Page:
In 1659-1660, Augustin was sent by Dutch governor, Pieter Stuyvesant, to negotiate with the governor of Maryland, Josias Fendall. While these sessions ended in the continued stalemate over the issue at hand, during these sessions Augustin became friends with a man destined to become an early governor of Maryland, Philip Calvert. He was also a man who would become instrumental in the coming years of Augustin’s life.
Due to a longstanding disagreement between the Dutch, the Swedes, and the English, Augustin agreed to map the disputed area (the lands surrounding Chesapeake Bay and its tributaries). He made his offer to both Governor Stuyvesant and Governor Fendall of Maryland, but it was Fendall who first realized the value in such a map and quickly agreed and did so for the price of some 5,000 acres of land that would be part of the area Augustin would survey and map. It took Augustin 10 years, from 1660 to 1670 to complete this map, but it was exceptional and as noted above was one of the first accurate maps of any portion of America. His ‘payment’ also ballooned to some 6,000 very valuable and attractive acres on a peak overlooking the Bohemia River. All told, Augustin would accumulate some 20,000 to 30,000 acres here.
Why would Augustin forsake Nieuw Amsterdam and his life there for untamed wilderness in Maryland? Some historians say it was due to Augustin’s belief that the Dutch colony was doomed due to the mismanagement by Stuyvesant. Some say it was Augustin simply being an opportunist and his desire for more land. Some say it had more to do with some now unknown bitterness between Stuyvesant and Augustin, Stuyvesant’s attempts to ruin Augustin, or the fact that he was imprisoned by squatters (at Stuyvesant’s behest?) on this own lands. Augustin’s imprisonment and daring escape not only captured the interest of the general public, but even resulted in an epic poem being written in 1899 by George Alfred Townsend titled “Herman of Bohemia Manor”. Your can read this enjoyable poem by clicking here.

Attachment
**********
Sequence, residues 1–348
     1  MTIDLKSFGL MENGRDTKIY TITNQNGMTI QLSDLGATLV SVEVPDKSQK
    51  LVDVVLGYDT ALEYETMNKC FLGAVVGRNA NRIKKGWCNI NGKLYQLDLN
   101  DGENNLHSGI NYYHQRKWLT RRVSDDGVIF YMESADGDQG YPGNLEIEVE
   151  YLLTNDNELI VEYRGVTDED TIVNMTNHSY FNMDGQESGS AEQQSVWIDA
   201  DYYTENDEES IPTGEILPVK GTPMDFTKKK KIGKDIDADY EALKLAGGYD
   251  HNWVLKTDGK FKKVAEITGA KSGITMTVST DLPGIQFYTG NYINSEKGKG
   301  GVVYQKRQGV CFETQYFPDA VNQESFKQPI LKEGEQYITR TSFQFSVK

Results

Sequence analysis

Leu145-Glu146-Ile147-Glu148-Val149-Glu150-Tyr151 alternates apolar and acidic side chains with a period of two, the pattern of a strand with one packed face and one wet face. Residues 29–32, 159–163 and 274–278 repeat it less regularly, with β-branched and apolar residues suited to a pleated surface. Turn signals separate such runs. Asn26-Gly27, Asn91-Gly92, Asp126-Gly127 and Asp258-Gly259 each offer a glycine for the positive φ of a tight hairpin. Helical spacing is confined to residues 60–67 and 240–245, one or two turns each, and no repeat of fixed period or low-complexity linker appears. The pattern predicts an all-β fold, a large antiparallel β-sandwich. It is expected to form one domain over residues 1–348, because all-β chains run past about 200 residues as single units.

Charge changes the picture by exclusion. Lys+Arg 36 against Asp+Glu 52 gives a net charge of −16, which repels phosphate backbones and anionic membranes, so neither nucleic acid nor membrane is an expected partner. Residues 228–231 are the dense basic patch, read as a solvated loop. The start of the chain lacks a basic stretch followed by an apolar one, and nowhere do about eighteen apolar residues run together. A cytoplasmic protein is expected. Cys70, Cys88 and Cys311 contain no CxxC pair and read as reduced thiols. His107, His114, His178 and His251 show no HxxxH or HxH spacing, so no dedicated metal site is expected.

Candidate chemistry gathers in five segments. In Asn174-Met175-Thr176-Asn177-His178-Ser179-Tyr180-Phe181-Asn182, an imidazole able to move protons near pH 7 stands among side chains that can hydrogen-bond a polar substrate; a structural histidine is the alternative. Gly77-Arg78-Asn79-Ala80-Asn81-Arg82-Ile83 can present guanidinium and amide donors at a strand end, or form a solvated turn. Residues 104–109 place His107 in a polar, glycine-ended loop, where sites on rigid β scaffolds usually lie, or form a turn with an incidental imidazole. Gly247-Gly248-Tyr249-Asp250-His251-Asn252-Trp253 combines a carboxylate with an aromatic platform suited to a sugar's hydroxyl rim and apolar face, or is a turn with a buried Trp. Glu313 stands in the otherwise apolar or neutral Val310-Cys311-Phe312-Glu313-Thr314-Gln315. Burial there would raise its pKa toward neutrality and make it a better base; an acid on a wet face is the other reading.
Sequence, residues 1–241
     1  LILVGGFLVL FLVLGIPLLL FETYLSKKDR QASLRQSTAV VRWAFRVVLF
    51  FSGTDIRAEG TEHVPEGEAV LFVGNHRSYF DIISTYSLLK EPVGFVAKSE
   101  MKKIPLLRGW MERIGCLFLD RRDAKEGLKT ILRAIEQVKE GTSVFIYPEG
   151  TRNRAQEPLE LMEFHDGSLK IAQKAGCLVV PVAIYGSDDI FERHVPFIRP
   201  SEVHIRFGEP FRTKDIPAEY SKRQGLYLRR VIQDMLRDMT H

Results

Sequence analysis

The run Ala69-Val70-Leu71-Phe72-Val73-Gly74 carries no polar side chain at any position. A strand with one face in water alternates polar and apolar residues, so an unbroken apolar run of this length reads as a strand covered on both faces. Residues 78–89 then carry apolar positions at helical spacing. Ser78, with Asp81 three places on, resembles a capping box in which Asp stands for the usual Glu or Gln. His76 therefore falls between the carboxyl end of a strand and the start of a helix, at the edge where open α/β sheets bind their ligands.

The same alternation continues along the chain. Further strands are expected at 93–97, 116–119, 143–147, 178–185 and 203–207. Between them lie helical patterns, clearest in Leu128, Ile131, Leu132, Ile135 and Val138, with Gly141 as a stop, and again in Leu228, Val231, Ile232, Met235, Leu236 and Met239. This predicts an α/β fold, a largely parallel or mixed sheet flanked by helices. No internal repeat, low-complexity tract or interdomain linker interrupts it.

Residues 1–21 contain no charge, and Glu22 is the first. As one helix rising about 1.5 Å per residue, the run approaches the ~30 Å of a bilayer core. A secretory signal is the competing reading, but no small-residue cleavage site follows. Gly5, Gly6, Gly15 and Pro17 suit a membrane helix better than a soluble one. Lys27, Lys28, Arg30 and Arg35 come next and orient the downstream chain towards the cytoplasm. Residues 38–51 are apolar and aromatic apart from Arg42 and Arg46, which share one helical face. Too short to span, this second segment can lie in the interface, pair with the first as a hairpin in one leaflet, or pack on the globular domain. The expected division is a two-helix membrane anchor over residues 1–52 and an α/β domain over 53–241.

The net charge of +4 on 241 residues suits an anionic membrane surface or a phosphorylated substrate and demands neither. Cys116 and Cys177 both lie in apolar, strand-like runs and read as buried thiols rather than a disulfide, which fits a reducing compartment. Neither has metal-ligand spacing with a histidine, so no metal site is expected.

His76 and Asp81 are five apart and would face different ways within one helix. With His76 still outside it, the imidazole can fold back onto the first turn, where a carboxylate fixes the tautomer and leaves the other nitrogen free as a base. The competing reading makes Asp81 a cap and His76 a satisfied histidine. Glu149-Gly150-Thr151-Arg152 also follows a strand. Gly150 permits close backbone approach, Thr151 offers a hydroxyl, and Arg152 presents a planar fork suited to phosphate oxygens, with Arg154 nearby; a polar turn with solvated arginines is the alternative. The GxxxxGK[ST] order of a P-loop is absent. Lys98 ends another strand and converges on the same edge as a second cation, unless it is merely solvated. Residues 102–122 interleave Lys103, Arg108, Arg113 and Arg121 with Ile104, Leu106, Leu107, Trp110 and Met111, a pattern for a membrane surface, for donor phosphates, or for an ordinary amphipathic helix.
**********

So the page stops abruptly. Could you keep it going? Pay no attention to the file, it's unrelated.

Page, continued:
Whatever the reason or reasons, shortly after the ten years it took him to complete his now famous map, Augustin forsook his positions, lands, etc. in Nieuw Amsterdam and took leave to permanently settle on his newly acquired lands in Maryland, which he immediately named “Bohemia Manor”. Eventually Augustin would become the very first naturalized citizen of Maryland.
In case you are thinking Augustin was not all that well known, according to Maryland Historical Magazine, William Penn wrote to Augustin from London, England in 1681 seeking his support for enlarging Pennsylvania by ceding his lands from Lord Baltimore. Augustin was equally adept negotiating with the governors of Virginia and Maryland as he was the Native American leaders of the Susquehannock and other tribes as he continue to add to this land holdings.
Augustin and his family (two sons, Ephraim George and Caparus, and three daughters, Anna Margaretta, Judith, and Francina) lived at or near Bohemia Manor for generations. While the Heřman surname extinguished following the death of Caparus’ son, who died sometime around 1775, there are still descendants of the female sides of the family in America today.